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US eases sanctions on Myanmar to support reform, facilitate trade

Updated: 2016-05-18 10:35
WASHINGTON - The United States announced Tuesday that it is lifting some of the sanctions on Myanmar to show support for the country's political reforms and economic growth and to facilitate trade between the two sides.

In a statement, the US Treasury Department issued regulatory amendments that ease restrictions on Myanmar's financial institutions, allow certain transactions related to U.S. individuals living in the country, and remove seven state-owned enterprises and three state-owned banks from the U.S. blacklist.

"Burma (Myanmar) reached a historic milestone over the last year by holding competitive elections and peacefully transitioning to a democratically-elected government," said Adam Szubin, Acting Under Secretary for Terrorism and Financial Intelligence.
"Our actions today demonstrate our strong support for this political and economic progress while continuing to pressure designated persons in Burma (Myanmar) to change their behavior."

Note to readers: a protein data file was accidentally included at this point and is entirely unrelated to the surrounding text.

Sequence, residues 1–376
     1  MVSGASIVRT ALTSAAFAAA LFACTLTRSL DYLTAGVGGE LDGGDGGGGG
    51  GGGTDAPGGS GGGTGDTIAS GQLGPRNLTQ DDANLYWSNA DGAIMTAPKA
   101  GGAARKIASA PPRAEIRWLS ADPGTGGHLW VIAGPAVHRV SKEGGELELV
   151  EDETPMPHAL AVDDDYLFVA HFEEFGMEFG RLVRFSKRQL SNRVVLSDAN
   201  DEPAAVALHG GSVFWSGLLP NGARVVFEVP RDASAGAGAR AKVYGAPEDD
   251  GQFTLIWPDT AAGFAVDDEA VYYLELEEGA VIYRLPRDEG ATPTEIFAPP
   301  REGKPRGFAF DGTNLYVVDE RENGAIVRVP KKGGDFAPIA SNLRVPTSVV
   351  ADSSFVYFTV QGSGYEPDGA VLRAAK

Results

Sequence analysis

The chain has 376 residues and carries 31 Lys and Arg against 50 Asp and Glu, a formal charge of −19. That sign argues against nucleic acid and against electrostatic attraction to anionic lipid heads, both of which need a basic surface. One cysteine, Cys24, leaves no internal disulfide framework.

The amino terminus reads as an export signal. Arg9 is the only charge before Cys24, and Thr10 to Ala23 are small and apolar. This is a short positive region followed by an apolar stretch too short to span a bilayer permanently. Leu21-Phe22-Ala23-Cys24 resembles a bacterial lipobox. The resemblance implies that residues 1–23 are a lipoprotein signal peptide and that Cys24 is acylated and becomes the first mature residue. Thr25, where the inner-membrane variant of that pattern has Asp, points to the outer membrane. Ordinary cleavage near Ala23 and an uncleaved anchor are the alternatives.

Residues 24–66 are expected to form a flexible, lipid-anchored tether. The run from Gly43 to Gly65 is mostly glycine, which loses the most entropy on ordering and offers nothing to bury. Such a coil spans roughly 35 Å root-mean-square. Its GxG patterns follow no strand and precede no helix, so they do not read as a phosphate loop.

U Htin Kyaw of the National League for Democracy (NLD), led by Aung San Suu Kyi, was sworn in as Myanmar's new president in late March. US President Barack Obama welcomed the "historic step forward" of a democratic transfer of power to a civilian-led government in Myanmar.

The move on Tuesday will "help to facilitate trade with non-sanctioned businesses and, in turn, help the people and Government of Burma (Myanmar) achieve a more inclusive and prosperous future," Szubin said.

However, the United States strengthened certain sanctions on Myanmar in a bid to "incentivize further democratic reforms and maintain pressure on targeted individuals and entities and the military," according to the statement.

The Treasury Department blacklists six companies that are owned 50 percent or more by Steven Law, or Asia World Co. Ltd, the company he controls. Both Law and Asia World were designated by the US in 2008 for providing support to the then military-led government.

In a letter to Congress Tuesday, Obama expressed US concerns over continued obstacles in Myanmar to full civilian control of the government, the ongoing conflict and human rights abuses in the country, particularly in ethnic minority areas, and military trade with the Democratic People's Republic of Korea.

Obama told Congress he has determined to continue the national emergency with respect to Myanmar, which was declared on May 20, 1997.

Despite this action, the US remains committed to working with both the new government and the people of Myanmar to "ensure that the democratic transition is irreversible," he added.

On May 22, US Secretary of State John Kerry will travel to Myanmar to meet with key leaders to signal US support for the new democratically elected, civilian-led government and further democratic and economic reforms, the State Department has said.
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